19. The apparatus of claim 14, wherein the memory cells comprise independent direct access storage devices.
Description

The United States Government has rights in this invention pursuant to Contract No. W-7405-ENG-48 between the U.S. Department of Energy and the University of California, for the operation of Lawrence Livermore National Laboratory.

BACKGROUND OF THE INVENTION

1. Field of the Invention

The present invention relates to specialized computer architectures for accelerating numerical computations associated with three dimensional image or volumetric processing.

2. Description of Related Art

The needs of advanced research in materials development and the advances in display technology have created a market for computer systems which work with 3-D or volume visualization data sets. One prominent 3-D technology is computerized tomography (CT). CT technology can provide Non-destructive evaluation (NDE) data sets that material designers, medical practitioners, and others want. Off-the-shelf arrays of detectors can acquire sets of projections having as many as 20482 projection elements for 3-D image reconstructions having 20483 volume elements (voxels) with enough spatial and contrast resolution to make the calculations important for every voxel. However, the computer resources do not meet the requirements to reconstruct such a large image in a practical time frame (e.g. within 1 day).

Advances in parallel-computer hardware and the availability of fast algorithms have considerably reduced the reconstruction time for CT inspections. However, as the size, data-acquisition speed and image spatial resolutions of volumetric inspections have increased, the processing and analysis of these data sets have become severe bottlenecks. The 3-D (multi-slice or cone-beam) reconstruction process in CT is much more time consuming than similar 2-D processes because of the large amounts of data required. The desired image sizes, N3, can be from 5123 to 10243 or greater voxels. This large amount of data puts a severe strain on current computational resources and those readily available off the shelf. For example, a 5123 image requires about 500 Mbytes of memory for the volume image (not including memory for 2-D projections) and about 200 hours of processing time on a typical workstation.

Also, there are a variety of technologies within the CT field and from other fields, which require similar processing resources. For instance, cone-beam (3-D) computed tomography utilizes an area detector to collect the information for a complete volume. A set of 2-D projections (radiographs) are acquired and the 2-D data sets can be used to reconstruct directly into a volume (3-D) image. Unfortunately, no one cone-beam reconstruction algorithm has superior performance over the range of cone-beam acquisition modes. It was determined that an ideal reconstructor must be capable of operating with several different types of cone-beam and 2-D reconstruction algorithms. This requirement demands that the reconstructor hardware be general purpose in nature with programmable hardware. Along with the capability to operate on several different types of algorithms, another advantage of a general purpose reconstructor is the ability to accommodate changes in the algorithms at later dates.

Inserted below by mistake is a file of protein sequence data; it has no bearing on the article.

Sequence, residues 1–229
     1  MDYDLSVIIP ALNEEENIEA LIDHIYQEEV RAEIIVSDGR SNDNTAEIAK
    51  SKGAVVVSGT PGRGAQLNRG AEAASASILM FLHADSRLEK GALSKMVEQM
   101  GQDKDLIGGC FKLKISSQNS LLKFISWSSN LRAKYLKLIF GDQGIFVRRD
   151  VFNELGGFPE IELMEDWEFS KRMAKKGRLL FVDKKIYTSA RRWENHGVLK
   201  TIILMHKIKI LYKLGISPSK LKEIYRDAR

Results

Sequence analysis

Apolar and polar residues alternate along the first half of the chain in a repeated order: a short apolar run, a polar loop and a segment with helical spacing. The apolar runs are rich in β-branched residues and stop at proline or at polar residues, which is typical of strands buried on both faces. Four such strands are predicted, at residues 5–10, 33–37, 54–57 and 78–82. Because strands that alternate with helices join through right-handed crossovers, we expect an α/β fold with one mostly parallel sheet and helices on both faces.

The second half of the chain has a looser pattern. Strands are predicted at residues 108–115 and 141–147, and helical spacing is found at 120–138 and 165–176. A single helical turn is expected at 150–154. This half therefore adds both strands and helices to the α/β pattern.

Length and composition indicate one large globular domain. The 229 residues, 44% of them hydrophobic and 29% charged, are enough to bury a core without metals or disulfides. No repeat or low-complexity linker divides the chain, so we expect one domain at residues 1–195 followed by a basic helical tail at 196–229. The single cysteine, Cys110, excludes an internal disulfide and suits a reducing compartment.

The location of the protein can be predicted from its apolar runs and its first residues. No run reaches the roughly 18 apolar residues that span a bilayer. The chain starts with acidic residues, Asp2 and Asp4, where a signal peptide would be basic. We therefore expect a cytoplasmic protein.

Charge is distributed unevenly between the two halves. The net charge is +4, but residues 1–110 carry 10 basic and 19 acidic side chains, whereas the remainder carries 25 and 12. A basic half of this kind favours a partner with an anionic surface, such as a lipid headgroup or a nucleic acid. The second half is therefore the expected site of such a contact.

An ideal solution for a fast programmable, multiple-algorithm, volume reconstructor is to implement the computationally-intensive portions of the reconstruction algorithms in specialized hardware. However, prior attempts to design such specialized hardware have failed. For instance, Cauquineau, et al., "A Processor Architecture for Image and Volume Reconstruction", published on about the 3rd of Apr., 1990, at the IEEE ICASSP '90 conference in Albuquerque, N.M., discussed the problem. The Cauquineau, et al., article, in fact, proposed an architecture for a "possible" reconstruction module (see, section 4.1 of the article on the third page of the copy provided with the application). However, there is not sufficient detail in the article to enable implementation of the reconstruction module.

Therefore, there is a need for a system which overcomes the computational bottleneck associated with volume visualization type computations. Such system would preferably accommodate a variety of algorithms, and be adaptable to future algorithms.

SUMMARY OF THE INVENTION

The present invention overcomes to a large degree the computational bottleneck associated with volume visualization problems, such as the cone-beam reconstruction problem encountered in computerized tomography. The invention can be characterized as an apparatus for multi-dimensional computation which comprises a computation engine, including a plurality of processing modules. The processing modules are configured in parallel and compute respective contributions to a computed multi-dimensional image of respective two dimensional data sets. A storage system is provided which stores the multi-dimensional data sets and a switching circuit routes the data among the processing modules in the computation engine and the storage system.

When the apparatus is applied for reconstruction algorithms such as encountered in computerized tomography, a data acquisition port which receives the two dimensional data sets representing projections through an object is connected to the switching system.

Also, the processing modules include a programmable local host, by which they may be configured to execute a plurality of different types of multi-dimensional algorithms.